I'm just a big believer in "build a better mousetrap and they will come." Just make a point of registering all your pages so you are fairly easy to find when someone goes looking for what you offer.

Click Here to learn how to register your pages!


How Many Advertisers Should Go On One Page?

     That depends on you, your advertisers, and the size of their banners. Some advertisers want to be the only one on the page and will write that right into a contract. Other advertisers will allow themselves to be around other banners if they themselves are at the top or close to the top. My limit was four when I had the old format of one long page linking everything; two at the top, one in the middle, and one at the bottom. I offered special prices to the one at the bottom.
     Now that I use a program to rotate my banners for me, I only go with just a few per page.
     Notice on this page, too, that ad banners are different sizes. Smaller banners allow for more per page with less intrusion.

     If you do start selling ad space on your site, let me suggest that you also purchase a program that posts banners to pages on the fly. If you assign specific ad banners to specific pages, it tends to make the site look static. The CentralAd program I use can do that for you.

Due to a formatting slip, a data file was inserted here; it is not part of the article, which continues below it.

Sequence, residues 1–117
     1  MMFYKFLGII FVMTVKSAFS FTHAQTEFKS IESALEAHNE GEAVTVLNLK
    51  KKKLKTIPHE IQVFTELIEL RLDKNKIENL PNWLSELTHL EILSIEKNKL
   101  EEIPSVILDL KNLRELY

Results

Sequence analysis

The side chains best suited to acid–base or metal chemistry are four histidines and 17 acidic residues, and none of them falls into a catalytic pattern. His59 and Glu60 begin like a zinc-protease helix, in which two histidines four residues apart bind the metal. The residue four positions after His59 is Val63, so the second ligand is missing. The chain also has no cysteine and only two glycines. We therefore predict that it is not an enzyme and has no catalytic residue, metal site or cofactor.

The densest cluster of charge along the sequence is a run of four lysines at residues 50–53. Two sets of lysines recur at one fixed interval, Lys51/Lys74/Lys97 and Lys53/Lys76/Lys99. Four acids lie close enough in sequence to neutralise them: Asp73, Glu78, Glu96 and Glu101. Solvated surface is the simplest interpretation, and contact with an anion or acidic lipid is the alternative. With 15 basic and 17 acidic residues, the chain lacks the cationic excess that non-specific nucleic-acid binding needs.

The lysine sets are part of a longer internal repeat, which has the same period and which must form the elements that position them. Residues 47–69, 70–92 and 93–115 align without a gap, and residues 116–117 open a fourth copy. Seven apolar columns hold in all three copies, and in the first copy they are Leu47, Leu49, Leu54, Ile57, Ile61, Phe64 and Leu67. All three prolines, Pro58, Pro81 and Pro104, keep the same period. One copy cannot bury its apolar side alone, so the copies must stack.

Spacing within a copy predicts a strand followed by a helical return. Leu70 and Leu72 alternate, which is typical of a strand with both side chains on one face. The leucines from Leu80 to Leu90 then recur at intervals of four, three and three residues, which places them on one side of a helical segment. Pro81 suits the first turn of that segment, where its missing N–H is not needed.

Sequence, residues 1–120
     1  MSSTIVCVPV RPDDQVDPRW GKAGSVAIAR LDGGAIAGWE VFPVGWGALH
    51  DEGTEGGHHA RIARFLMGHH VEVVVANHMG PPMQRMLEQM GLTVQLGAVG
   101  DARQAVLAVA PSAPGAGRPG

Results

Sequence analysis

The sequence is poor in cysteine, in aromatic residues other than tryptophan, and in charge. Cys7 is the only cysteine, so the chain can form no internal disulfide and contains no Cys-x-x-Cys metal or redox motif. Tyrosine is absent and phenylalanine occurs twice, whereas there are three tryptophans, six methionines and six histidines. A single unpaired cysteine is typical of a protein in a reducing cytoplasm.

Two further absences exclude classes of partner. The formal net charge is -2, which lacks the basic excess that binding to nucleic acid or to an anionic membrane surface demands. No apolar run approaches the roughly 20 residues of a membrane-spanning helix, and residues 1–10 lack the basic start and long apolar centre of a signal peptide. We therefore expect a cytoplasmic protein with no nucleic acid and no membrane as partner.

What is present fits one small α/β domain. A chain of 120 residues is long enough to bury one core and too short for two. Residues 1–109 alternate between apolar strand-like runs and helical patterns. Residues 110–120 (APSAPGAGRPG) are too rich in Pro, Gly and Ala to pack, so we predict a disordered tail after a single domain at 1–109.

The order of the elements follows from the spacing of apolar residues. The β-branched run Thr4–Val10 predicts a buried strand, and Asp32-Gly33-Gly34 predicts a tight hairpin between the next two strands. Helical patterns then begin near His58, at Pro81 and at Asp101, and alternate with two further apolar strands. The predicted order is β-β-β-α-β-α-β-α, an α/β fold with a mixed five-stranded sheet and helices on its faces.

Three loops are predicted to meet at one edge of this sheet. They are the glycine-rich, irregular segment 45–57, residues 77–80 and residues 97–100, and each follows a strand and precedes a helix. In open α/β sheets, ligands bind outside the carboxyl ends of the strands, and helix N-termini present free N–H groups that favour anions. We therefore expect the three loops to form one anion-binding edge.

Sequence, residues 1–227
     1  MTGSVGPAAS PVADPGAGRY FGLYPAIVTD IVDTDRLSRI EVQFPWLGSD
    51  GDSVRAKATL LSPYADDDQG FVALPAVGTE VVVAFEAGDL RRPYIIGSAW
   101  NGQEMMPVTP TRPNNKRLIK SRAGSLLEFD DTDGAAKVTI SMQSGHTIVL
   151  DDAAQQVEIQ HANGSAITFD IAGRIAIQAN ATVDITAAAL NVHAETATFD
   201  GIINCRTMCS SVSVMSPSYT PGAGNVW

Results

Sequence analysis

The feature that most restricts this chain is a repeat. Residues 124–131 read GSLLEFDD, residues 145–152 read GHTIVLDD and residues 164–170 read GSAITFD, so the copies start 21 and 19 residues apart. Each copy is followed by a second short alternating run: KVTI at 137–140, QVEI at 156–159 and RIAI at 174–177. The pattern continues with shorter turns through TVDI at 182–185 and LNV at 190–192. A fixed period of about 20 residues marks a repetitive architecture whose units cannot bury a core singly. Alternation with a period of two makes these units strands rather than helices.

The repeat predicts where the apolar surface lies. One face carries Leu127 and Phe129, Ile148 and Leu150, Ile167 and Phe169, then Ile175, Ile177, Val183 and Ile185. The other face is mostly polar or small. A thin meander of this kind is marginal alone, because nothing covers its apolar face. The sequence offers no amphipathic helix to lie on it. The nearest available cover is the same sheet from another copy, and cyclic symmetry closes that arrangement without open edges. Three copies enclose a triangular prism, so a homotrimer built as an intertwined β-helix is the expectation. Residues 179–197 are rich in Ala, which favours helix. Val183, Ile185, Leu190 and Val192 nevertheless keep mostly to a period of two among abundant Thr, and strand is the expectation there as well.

Final Thoughts

     It is my opinion that undertaking advertising is more than a hobby on the side. You must look at this as a small business. Not only must you offer something nice to attract people, but you need to continually update and add to what you offer. You need to keep balance sheets for tax purposes. It's hard to hide that you're making money on the WWW since everyone can see it.

     Most important of all, ask yourself the question: "What do you have that people want?" The purpose should be providing something people will come to see. The advertising will come easily after that.

     Finally, I can give no better thought-provoking information than this: This site was up and running for a year and five months before I made a penny in profit. Now that it is getting established, I am making enough for the site to pay for itself, and a dinner out with my wife once a week ...and that's about it.

     May you become rich! I'm certainly not... not yet anyway.


[What Do You Have That People Want?]
[Hits Vs. Visitors] [What Is The Magic Number?]
[How Much Do I Ask For?] [Flat Rate or Impressions?]
[How Do I Get Started?] [Getting Advertisers]
[Do I Have To Advertise to Get Advertisers?]
[How Many Advertisers on One Page?]
[Final Thoughts]

  Enjoy!